There’s a weekly market down the road where I spend my Sundays. I like to sit and watch the strangers pass me by, to revel in the realization that each one of them is living a life as vivid and as complex as mine. It is here where I meet the most extraordinary individuals, passersby who remain in my mind’s eye for months on end. I now present to you two of my most other-worldly experiences in that little corner of the world.
June 27, 2020
I rather enjoyed my trip to the market today. The bees had been buzzing pleasantly over the drooping daisies. The vendors’ calls had cut through the muggy air, promising juicy melons and mangoes.
She’d sashayed through the crowd, a straw-hat clutched in one arm, a melting popsicle in the other. Perhaps it was just my imagination, but she’d seemed to walk through the crowd rather than with it, ethereal.
She’d stopped under the shade of the colourful umbrellas, right across me. I’d seen a tattoo of a phoenix winding around her forearm, beak open in a silent cry.
As I was trying to work up the courage to initiate conversation, she leaned over to me and whispered, “Tell her Summer says ‘hi’”.
The strangest thing happened then! Fading, fading, fading — and then she was gone; before I could make heads or tails of her statement.
In her wake, the nostalgic smell of seawater had lingered. What a baffling encounter!
January 27, 2021
What a marvellous day!
It had been exceptionally chilly this evening, and business for the hot cider stalls had been booming. I’d been sharing a particularly amusing anecdote with the vendor when I’d seen her, the girl I’d seen last summer.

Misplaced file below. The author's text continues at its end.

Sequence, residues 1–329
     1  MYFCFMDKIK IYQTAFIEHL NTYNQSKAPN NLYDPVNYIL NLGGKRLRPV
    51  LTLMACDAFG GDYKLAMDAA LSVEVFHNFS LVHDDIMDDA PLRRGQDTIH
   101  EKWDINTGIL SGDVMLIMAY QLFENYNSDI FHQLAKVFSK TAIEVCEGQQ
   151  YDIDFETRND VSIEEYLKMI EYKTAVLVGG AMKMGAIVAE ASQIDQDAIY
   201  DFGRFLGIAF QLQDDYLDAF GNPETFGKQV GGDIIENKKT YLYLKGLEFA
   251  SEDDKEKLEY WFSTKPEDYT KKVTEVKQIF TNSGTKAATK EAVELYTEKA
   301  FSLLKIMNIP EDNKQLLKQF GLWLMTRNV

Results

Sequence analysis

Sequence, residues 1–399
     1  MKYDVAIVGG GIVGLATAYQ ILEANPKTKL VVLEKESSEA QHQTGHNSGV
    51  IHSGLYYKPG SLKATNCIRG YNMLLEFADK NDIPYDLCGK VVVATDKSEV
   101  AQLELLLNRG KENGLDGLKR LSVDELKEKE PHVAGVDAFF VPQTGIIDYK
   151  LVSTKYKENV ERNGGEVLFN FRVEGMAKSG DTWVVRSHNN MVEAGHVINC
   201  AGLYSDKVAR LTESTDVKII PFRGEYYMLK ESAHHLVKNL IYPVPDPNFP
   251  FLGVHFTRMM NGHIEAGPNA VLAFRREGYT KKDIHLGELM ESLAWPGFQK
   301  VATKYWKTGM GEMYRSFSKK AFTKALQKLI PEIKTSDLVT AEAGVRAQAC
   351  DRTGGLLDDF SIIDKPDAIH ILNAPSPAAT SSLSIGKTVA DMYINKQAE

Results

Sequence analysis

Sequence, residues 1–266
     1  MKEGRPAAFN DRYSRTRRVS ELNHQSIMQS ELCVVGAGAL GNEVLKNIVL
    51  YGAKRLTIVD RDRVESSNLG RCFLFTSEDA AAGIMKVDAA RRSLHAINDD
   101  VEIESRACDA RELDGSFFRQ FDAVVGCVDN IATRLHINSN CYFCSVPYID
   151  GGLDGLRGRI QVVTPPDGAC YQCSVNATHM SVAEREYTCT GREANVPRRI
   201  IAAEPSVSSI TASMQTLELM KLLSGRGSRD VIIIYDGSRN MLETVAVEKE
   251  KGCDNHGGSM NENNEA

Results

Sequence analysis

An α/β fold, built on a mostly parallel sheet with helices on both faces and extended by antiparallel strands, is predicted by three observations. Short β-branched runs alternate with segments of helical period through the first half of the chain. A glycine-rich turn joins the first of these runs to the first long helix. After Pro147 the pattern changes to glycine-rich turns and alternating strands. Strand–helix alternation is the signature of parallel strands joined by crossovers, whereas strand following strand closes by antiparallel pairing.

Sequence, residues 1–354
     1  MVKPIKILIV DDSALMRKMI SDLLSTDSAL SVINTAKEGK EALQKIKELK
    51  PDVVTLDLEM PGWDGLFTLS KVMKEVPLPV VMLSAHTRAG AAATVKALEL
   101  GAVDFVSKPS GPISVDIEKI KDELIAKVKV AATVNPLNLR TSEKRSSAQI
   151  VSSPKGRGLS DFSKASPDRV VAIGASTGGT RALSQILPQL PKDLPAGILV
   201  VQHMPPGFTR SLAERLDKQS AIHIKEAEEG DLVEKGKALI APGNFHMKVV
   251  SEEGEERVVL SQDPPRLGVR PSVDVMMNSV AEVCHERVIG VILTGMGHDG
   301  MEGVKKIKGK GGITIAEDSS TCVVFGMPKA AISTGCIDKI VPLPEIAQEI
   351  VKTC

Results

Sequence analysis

There’d been no mistaking that ragged straw hat, that gliding gait. I’d rushed over, a greeting on the tip of my tongue. Would she remember me?
She’d turned when I tapped her on the shoulder, and lo and behold! Where there had previously been light, now lingered flashing shadows. Not of the sinister kind, mind you — but just hints of darkness, accentuating her unearthly air.
The change had been subtle, like the contrast between dusk and dawn, yet so very visible.
She’d considered me quizzically for a second, then had seemed to reach a conclusion. “You’ve met her — you’ve met me before, have you not? Did she send me a message?”, she’d asked, quirking an eyebrow.
This had been a rather confusing turn of events. I’m pretty sure it wasn’t normal for people to refer to themselves in third person, even less so in company of almost complete strangers. However, in an attempt to re-establish some semblance of practicality to the situation, I’d dutifully repeated Summer’s message.
She’d chuckled. “Months to dream up a message to send across, and she blows her chance on a ‘hi’. Well, you can say ‘hi’ right back to her then!”
She’d started to turn away then, and I’d known she was going to disappear again, and disappear for months on end.
I’d asked her to stay, fascinated by the mystique surrounding her. She’d merely laughed and raised a hand in farewell, already starting to blur at the edges.
“The name’s Winter, by the way”, she’d tossed back at the last moment, an afterthought.
And even though Christmas has long since come and passed, even though the trees have been long since removed, the scent of fir needles had hung heavy in the air, fresh and sharp.
And so, once more, I was left with more questions than answers, standing star-struck in a crowd of strangers.
And after going through my experiences, is it really that hard to believe that I could have met some supernatural entity, someone not quite from this world? I like to believe that Summer and Winter were quite literally the seasons, methodically going round the planet to bring about changes. They must be like two sides of the same coin, so similar, yet doomed to be apart, exchanging words only through strangers’ mouths.
Isn’t it delightful to think of what may be waiting in the world around us, if only we opened our minds?
– Navya Saini, Delhi Public School, Noida2 Likes